University of Florida | Department of Psychology

Minutes from the Psychology Department Chair Search Committee

The Department of Psychology invites applications for three lecturer positions.

Faculty Spotlight: Dr. Ron Chandler

January 5th, 2018


Dr. Ron Chandler is currently a Lecturer for UF Department of Psychology and an Undergraduate Research Mentor for Program for Sustainability in the Built Environment, College of Design Construction and Planning. He has been with the University of Florida since 2015, where he initially started out as a Lecturer, Interim Director of Sustainability Studies, and Graduate Faculty Representative. Dr. Chandler graduated from Stephen F. Austin State University with a BS in Aquatic Biology and Wildlife Science in 1979, Texas State University with an MS in Limnology & Aquatic Chemistry in 1984, and went back to school in 2014 for his PhD at Walden University in Educational Psychology. He currently teaches several classes at UF, including Psychology of Sustainability, General Psychology, Social Psychology, and Positive Psychology (Spring 2018).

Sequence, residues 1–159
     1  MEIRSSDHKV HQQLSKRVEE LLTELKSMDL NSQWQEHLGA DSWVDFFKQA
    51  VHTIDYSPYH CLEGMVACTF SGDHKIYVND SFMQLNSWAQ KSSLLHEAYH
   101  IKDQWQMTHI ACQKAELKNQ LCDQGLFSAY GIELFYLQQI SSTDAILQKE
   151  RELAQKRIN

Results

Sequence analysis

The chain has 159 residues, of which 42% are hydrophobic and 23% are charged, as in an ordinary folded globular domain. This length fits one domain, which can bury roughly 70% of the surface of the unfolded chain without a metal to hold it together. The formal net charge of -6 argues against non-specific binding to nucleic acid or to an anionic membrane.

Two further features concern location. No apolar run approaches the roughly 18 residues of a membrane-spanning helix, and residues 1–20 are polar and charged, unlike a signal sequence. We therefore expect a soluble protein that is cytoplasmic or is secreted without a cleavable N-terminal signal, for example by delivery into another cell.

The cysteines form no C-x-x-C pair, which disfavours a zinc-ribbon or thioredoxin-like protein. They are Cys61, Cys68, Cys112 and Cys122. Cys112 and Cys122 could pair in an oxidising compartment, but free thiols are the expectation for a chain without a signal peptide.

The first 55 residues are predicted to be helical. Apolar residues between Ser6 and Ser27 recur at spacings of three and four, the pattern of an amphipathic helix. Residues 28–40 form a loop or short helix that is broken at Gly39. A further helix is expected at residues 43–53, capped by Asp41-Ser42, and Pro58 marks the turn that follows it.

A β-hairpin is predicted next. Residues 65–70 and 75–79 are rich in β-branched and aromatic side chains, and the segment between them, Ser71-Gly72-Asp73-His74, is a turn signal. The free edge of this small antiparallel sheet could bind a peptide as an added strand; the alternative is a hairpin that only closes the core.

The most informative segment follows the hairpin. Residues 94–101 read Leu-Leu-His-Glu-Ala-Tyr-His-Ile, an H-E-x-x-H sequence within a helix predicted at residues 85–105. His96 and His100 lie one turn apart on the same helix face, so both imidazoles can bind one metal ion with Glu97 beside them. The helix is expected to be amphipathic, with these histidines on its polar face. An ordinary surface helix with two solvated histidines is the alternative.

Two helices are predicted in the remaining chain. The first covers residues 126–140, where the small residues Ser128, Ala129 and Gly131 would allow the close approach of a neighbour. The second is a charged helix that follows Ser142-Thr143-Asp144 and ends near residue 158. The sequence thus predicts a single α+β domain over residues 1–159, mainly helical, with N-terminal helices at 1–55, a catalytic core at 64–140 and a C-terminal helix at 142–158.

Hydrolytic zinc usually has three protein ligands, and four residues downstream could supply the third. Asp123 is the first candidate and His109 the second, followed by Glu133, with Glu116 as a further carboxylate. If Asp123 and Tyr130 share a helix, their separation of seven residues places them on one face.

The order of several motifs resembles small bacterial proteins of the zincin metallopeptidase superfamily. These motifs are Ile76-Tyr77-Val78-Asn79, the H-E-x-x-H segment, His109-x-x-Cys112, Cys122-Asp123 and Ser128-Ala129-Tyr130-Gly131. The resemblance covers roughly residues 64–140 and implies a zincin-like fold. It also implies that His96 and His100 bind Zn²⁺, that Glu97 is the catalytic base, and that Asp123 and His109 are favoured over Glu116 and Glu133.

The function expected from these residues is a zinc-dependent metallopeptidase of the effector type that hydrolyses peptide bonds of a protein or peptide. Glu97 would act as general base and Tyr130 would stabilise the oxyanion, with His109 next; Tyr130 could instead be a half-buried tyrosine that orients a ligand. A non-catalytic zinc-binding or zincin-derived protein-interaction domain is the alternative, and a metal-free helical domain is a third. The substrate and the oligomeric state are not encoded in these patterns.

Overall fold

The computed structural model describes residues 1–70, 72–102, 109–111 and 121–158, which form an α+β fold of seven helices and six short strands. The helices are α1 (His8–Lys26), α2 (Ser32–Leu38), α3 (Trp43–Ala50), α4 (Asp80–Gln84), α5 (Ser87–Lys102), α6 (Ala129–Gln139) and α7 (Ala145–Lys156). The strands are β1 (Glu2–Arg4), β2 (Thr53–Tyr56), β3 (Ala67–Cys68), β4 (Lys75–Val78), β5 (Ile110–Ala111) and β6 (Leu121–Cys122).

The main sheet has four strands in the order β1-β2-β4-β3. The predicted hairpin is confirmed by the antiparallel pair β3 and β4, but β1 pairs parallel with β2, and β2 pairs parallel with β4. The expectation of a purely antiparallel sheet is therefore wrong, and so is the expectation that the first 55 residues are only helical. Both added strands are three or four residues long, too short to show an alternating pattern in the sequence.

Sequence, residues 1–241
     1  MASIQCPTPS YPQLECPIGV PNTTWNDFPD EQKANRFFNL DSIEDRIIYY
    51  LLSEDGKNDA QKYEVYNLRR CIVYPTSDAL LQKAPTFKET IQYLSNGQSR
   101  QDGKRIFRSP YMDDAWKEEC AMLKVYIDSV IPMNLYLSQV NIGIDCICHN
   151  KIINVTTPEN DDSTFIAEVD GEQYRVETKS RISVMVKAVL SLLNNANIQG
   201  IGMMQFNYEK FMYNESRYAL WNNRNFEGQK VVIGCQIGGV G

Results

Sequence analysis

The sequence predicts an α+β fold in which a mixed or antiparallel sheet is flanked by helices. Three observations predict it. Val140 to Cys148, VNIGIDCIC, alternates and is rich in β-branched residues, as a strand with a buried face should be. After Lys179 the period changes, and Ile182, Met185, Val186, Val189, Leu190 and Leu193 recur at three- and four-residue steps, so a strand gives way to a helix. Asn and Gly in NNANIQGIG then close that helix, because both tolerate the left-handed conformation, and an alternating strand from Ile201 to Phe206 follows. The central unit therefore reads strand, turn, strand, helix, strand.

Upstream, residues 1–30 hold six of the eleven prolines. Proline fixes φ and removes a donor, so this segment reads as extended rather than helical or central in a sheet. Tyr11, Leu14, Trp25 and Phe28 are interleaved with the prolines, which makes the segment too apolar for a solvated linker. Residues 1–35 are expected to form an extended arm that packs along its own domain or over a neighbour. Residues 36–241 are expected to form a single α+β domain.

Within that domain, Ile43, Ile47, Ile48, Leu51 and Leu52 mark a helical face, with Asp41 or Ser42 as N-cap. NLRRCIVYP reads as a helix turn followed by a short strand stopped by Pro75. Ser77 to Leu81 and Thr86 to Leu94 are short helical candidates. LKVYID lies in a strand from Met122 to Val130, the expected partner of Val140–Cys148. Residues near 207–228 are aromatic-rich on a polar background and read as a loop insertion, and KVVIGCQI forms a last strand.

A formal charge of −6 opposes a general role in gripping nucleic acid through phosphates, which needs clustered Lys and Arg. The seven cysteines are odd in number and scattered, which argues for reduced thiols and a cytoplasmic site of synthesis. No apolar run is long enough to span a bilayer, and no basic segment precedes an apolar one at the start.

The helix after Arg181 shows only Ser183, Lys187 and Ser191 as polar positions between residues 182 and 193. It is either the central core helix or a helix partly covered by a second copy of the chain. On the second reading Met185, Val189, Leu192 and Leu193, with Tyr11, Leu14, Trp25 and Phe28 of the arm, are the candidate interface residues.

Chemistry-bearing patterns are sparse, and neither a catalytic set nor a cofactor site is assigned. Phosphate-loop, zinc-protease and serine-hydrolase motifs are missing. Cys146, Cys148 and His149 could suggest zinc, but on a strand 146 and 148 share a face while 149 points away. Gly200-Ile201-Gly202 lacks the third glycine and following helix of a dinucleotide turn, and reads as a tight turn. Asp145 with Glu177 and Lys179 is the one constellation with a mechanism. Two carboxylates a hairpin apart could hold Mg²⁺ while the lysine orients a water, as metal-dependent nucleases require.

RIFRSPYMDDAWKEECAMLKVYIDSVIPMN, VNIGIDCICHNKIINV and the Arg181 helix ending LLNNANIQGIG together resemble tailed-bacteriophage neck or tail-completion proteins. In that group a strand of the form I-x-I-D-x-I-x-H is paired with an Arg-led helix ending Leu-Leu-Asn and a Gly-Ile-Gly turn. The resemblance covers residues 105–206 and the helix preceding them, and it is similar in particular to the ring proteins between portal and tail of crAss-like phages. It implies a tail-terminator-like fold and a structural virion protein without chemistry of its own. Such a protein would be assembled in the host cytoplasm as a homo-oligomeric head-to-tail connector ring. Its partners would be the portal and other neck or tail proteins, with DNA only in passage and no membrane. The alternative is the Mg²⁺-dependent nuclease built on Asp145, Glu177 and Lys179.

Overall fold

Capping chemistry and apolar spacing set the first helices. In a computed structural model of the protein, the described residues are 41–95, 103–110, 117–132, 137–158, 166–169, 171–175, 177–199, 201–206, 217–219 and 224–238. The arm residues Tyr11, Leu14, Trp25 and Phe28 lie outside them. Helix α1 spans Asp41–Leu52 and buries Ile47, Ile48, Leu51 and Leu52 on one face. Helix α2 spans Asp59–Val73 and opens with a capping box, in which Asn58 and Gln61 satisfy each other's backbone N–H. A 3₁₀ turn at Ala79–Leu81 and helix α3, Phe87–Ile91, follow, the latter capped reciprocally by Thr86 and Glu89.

Dr. Chandler’s main research focus is “understanding and describing the role of dignity in education in general and education for sustainability in particular. Central to this work is the placement of psychology at the center of research for and development of approaches for resolving factors negatively affecting human dignity.” He also states, “It is my contention that to the extent we can resolve factors negatively affecting individual and societal experience of dignity it is to that extent that we can create and maintain a sustainable human ecology. To that end, I am especially interested continuing the development of Sustainability Psychology as an approach to education for social change and sustainability. One example of this is the ongoing research that I am conducting in NE India in collaboration with social scientists at TATA Institute of Social Sciences (TISS) conservation lands management agencies such as Department of Forests in India, as well as with ecologists at Wildlife Institute of India (WWI), and UNESCO. This research seeks to understand and explain indigenous peoples’ experience of landscape and wildlife in context of their culture, and through their perspective develop resilient solutions to factors threatening their sustainability.”
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